April 15, 2015
AZLE, TX- The Azle Police Department recently purchased 16 WOLFCOM 3RD EYE Police Body Cameras. The purchase consisted of 2 year warranties and radio cables so officers can hook up their units to radios to utilize the radio speaker function.
Lt. Bill Russell says the department has studied the issue of body cameras for about two years. “All the incidents going on around the country are just reinforcing our resolve and decision to purchase and use the body cameras,” said Russell. “We had been waiting for technology to get to the place where it was feasible and the prices into a practical range.”
In the past the department used dashboard mounted cameras in their police cars. “The dash cams proved to be valuable in the investigation of citizen complaints and are able to shed light on what happened on various events. Purchasing body cameras was the next step and we wanted to do this and be on the cutting edge of technology, in order to provide better public service and bring better cases to court,” said Russell.
The purchase of the cameras was made in part by using a six-thousand dollar grant the department received from participating in a D.O.T. survey. “We conducted an assessment of various cameras. We had some demo cameras sent to us and compared capability and price. Based on those two criteria, WOLFCOM blew away all the competitor’s cameras,” said Russell.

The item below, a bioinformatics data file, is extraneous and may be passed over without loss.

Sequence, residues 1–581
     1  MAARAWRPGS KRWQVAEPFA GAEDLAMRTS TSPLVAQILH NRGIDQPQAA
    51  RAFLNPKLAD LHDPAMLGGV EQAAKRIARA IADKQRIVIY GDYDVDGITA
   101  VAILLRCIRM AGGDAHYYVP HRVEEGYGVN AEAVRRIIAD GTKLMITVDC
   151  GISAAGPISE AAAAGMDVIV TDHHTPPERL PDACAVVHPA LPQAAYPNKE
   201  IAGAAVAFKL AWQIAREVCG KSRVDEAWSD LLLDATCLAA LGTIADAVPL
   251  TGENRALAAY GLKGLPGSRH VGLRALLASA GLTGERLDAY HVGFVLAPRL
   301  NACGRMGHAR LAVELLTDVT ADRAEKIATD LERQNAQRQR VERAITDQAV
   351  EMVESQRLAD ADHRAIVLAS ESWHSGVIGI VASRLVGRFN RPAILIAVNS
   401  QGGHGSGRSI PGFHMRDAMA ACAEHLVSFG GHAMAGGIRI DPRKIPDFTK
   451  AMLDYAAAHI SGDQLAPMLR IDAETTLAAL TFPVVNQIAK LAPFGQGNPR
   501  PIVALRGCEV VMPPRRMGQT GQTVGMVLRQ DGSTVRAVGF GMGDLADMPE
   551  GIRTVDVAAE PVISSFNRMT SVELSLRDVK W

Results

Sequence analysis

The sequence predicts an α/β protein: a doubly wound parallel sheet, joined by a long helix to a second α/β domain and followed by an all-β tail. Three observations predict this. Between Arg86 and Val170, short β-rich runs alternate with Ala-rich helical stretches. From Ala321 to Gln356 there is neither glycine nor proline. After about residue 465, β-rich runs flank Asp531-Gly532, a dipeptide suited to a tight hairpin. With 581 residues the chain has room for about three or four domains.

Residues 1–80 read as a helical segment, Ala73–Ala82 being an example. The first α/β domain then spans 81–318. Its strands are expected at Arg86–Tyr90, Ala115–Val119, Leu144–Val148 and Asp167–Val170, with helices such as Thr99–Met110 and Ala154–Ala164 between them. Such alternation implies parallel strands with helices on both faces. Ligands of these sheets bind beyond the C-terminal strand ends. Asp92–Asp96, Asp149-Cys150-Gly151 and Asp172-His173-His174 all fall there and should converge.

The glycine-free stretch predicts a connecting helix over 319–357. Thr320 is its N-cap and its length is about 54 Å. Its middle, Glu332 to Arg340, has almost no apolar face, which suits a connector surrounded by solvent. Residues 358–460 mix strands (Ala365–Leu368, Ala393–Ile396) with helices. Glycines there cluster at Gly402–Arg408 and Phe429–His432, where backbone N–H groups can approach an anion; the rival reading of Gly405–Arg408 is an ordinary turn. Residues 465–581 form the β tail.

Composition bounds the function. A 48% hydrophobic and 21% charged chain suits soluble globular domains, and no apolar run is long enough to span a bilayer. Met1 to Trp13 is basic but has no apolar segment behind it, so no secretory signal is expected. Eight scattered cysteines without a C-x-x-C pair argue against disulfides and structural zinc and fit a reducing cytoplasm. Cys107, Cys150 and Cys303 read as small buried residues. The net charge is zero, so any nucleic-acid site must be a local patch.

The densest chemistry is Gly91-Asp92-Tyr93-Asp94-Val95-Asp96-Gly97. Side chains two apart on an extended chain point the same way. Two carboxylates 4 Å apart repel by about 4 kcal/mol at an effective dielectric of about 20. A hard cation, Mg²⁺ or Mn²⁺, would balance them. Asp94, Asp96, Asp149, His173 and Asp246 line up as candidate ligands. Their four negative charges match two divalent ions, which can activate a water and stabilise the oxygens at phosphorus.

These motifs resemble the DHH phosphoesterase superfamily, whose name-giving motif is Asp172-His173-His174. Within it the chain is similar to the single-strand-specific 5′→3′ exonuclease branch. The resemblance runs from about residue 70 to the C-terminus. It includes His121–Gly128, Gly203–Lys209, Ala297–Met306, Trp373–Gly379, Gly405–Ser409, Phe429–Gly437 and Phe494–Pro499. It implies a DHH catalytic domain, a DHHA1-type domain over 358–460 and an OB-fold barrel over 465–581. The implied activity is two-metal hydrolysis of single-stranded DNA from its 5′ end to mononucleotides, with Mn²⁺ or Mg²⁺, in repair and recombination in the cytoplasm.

“Our police officers like the various functions including the fact that the body cameras can be used day and night and do not need ambient light. The infrared is way ahead of several competitors. When we compared the demo body cameras, we realized other brands did not have all the capabilities of the WOLFCOM,” said Russell. “Based on our assessment, we took the bold step of purchasing the first 8 police body cameras using the available grant funds. The city supported that decision and made it mandatory that all officers should wear body cameras. We then ordered an additional 16 body cameras and purchased about $30,000 worth of technology infrastructure to support the body cameras,” said Russell.
Russell says that a majority of the 25 police officers in the department are pro camera, “a few were reluctant, but we’re confident that after using the cameras they will fully embrace the change,” said Russell.